California is a state in the Pacific Region of the United States. With 39.6 million residents, California is the most populous U. S. the third-largest by area. The state capital is Sacramento; the Greater Los Angeles Area and the San Francisco Bay Area are the nation's second and fifth most populous urban regions, with 18.7 million and 9.7 million residents respectively. Los Angeles is California's most populous city, the country's second most populous, after New York City. California has the nation's most populous county, Los Angeles County, its largest county by area, San Bernardino County; the City and County of San Francisco is both the country's second-most densely populated major city after New York City and the fifth-most densely populated county, behind only four of the five New York City boroughs. California's $3.0 trillion economy is larger than that of any other state, larger than those of Texas and Florida combined, the largest sub-national economy in the world. If it were a country, California would be the 5th largest economy in the world, the 36th most populous as of 2017.
The Greater Los Angeles Area and the San Francisco Bay Area are the nation's second- and third-largest urban economies, after the New York metropolitan area. The San Francisco Bay Area PSA had the nation's highest GDP per capita in 2017 among large PSAs, is home to three of the world's ten largest companies by market capitalization and four of the world's ten richest people. California is considered a global trendsetter in popular culture, innovation and politics, it is considered the origin of the American film industry, the hippie counterculture, fast food, the Internet, the personal computer, among others. The San Francisco Bay Area and the Greater Los Angeles Area are seen as global centers of the technology and entertainment industries, respectively. California has a diverse economy: 58% of the state's economy is centered on finance, real estate services and professional, scientific and technical business services. Although it accounts for only 1.5% of the state's economy, California's agriculture industry has the highest output of any U.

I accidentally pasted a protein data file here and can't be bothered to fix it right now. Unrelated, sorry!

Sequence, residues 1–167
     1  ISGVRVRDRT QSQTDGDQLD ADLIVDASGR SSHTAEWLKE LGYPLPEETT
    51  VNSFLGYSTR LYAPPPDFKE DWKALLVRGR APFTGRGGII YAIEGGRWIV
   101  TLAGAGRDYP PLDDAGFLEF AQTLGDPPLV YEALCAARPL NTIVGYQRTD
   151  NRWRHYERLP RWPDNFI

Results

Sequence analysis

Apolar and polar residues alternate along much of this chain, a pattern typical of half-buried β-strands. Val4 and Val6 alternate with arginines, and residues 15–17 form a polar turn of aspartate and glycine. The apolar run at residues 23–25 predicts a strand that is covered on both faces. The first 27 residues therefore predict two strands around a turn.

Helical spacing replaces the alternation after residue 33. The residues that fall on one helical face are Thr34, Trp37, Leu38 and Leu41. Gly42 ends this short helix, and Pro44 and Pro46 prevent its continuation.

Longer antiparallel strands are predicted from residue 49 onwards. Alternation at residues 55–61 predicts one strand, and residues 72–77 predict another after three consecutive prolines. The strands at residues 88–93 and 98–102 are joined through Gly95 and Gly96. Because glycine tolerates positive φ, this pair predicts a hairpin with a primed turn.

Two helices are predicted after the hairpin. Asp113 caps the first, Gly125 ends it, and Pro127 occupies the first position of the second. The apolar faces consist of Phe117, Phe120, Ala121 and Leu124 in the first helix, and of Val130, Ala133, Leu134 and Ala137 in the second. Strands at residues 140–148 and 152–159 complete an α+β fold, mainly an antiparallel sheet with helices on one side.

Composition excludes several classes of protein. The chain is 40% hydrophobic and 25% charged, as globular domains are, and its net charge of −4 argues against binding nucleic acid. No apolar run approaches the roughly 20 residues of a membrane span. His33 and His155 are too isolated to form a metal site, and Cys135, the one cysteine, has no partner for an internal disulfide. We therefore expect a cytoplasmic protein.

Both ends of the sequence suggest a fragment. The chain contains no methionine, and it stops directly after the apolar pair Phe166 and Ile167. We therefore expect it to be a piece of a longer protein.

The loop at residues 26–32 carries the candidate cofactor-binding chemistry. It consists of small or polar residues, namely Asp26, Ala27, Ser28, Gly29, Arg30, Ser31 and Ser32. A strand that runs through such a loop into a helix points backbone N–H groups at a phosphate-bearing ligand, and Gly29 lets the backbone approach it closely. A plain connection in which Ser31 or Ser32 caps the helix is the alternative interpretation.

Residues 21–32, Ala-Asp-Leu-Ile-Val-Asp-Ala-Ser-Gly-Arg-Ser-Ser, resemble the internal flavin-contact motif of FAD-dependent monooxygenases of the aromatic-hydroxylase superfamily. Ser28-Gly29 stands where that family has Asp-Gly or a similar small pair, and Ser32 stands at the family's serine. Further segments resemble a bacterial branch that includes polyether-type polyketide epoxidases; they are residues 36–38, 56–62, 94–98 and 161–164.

S. state. California is bordered by Oregon to the north and Arizona to the east, the Mexican state of Baja California to the south; the state's diverse geography ranges from the Pacific Coast in the west to the Sierra Nevada mountain range in the east, from the redwood–Douglas fir forests in the northwest to the Mojave Desert in the southeast. The Central Valley, a major agricultural area, dominates the state's center. Although California is well-known for its warm Mediterranean climate, the large size of the state results in climates that vary from moist temperate rainforest in the north to arid desert in the interior, as well as snowy alpine in the mountains. Over time and wildfires have become more pervasive features. What is now California was first settled by various Native Californian tribes before being explored by a number of European expeditions during the 16th and 17th centuries; the Spanish Empire claimed it as part of Alta California in their New Spain colony. The area became a part of Mexico in 1821 following its successful war for independence but was ceded to the United States in 1848 after the Mexican–American War.
The western portion of Alta California was organized and admitted as the 31st state on September 9, 1850. The California Gold Rush starting in 1848 led to dramatic social and demographic changes, with large-scale emigration from the east and abroad with an accompanying economic boom; the word California referred to the Baja California Peninsula of Mexico. The name derived from the mythical island California in the fictional story of Queen Calafia, as recorded in a 1510 work The Adventures of Esplandián by Garci Rodríguez de Montalvo; this work was the fifth in a popular Spanish chivalric romance series that began with Amadis de Gaula. Queen Calafia's kingdom was said to be a remote land rich in gold and pearls, inhabited by beautiful black women who wore gold armor and lived like Amazons, as well as griffins and other strange beasts. In the fictional paradise, the ruler Queen Calafia fought alongside Muslims and her name may have been chosen to echo the title of a Muslim leader, the Caliph. It's possible.